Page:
Tuesday, November 6, 2012

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Branding Challenges For Authors of Sci-Fi Romance



As I was reading “That’s A Wrap! Author Branding in a Nutshell” by Carina Press Executive Editor Angela James in the December 2012 edition of RT Book Reviews, I began wondering about the relationship of author branding with readers who look to genre/subgenre first when making decisions about which books to read.

An author can brand all she wants but for readers who pick books according to genre first (like me) the branding may very well be a non factor. Unless, that is, one defines the very act of writing a sci-fi romance a type of branding (Angela James defines brand as a “promise to readers”).

This issue comes into play with science fiction romance when authors who write in this subgenre have to decide how to brand themselves. I regularly encounter the umbrella genre tags included in the brand. Meaning authors brand themselves as SF *or* romance authors even if what they write are hybrid stories with elements of both. Then readers like me go and ferret out the specific SF and romance elements and blog about them like crazy no matter what the author’s stated brand is.

Which I’m sure must drive some authors nuts, especially if they’ve worked hard to build a specific brand or define their work a certain way. Then there’s the fact that the romance angle is seen as less valid by some people. Do authors of SFR risk branding themselves with “romance” or do they sidestep the issue and stick with the generally safer “SF” description? No matter which brand an author chooses, however, sometimes it must seem like they can't win.

Case in point: author Margaret Atwood. Many consider some of her books to be squarely science fiction. But she has insisted otherwise:

Atwood was at one time offended at the suggestion that The Handmaid's Tale or Oryx and Crake were science fiction, insisting to The Guardian that they were speculative fiction instead: "Science fiction has monsters and spaceships; speculative fiction could really happen." She told the Book of the Month Club: "Oryx and Crake is a speculative fiction, not a science fiction proper. It contains no intergalactic space travel, no teleportation, no Martians." On BBC Breakfast she explained that science fiction, as opposed to what she herself wrote, was "talking squids in outer space." The latter phrase particularly rankled advocates of science fiction and frequently recurs when her writing is discussed.[9]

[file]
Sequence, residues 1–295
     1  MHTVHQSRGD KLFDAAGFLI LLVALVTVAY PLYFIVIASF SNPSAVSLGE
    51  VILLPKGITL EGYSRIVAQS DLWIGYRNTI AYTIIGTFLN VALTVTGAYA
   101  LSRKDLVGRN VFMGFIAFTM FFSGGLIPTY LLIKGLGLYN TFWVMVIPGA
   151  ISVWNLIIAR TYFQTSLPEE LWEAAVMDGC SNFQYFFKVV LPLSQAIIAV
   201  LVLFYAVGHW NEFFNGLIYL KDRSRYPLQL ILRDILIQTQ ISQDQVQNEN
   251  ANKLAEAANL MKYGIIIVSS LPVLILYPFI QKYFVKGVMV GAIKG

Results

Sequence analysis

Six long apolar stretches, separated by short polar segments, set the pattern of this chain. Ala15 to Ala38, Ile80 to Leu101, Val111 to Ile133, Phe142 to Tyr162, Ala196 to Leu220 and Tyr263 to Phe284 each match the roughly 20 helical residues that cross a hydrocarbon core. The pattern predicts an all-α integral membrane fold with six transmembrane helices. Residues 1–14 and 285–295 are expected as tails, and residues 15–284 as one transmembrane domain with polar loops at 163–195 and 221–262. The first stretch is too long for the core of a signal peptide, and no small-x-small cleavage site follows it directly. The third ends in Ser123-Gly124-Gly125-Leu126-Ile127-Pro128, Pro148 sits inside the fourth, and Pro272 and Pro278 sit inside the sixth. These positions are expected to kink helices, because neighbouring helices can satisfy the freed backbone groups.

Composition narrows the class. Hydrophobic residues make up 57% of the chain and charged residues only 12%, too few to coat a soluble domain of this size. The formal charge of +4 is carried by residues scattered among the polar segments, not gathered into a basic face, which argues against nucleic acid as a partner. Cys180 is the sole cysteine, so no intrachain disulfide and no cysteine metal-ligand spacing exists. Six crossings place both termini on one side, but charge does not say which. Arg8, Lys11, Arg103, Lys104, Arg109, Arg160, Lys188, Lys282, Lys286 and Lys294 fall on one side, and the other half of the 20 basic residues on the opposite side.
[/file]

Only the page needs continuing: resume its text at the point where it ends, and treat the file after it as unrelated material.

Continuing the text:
I mean, like wow, she won the Arthur C. Clarke award in 1987 for THE HANDMAID’S TALE—an SF award for a story she at one time insisted wasn’t science fiction. Talk about an author-reader difference between genre interpretations!

So I would ask authors of sci-fi romance this question: Would you rather have complete control over your brand or would you rather increase the chances of people talking about your books even if they posit their own definitions about what you write? The reason I ask is because no matter how hard one works at branding, as the Margaret Atwood example shows, one’s control over it only goes so far.

Readers are going to define stories according to their individual tastes no matter how authors brand themselves (and I should point out that Ms. James wrote about how brand is not always related to genre so much as an author’s “…voice, quality, and storytelling in each book.” Pg. 30).

Sometimes a reader’s definition matches the author’s brand but other times there’s only a partial match. Debating how readers define your stories implies that their interpretations are invalid. Distancing yourself from one genre label or another (in this case, SF or romance) only makes readers question your investment in them.

All of this doesn’t mean authors should throw branding efforts out the window; rather, it would be fruitful to explore how branding can be adapted to connect with readers who choose books according to genre or specific hybrids.

How can you best maximize the leverage of your SF-Romance hybrids? Yes, you may have branded yourself an SF author but beyond that simple classification how well does it really define what you write? For example, how will romance readers discover the romance thread(s) in your book(s)? How can you best engage in a dialogue with SF readers about the advantages of character-driven stories?

My suggestion: embrace how readers interpret and label your stories. Tailor your marketing efforts with that factor in mind. After all, once your work is published, all your stories are belong to us.

Joyfully yours,

Heather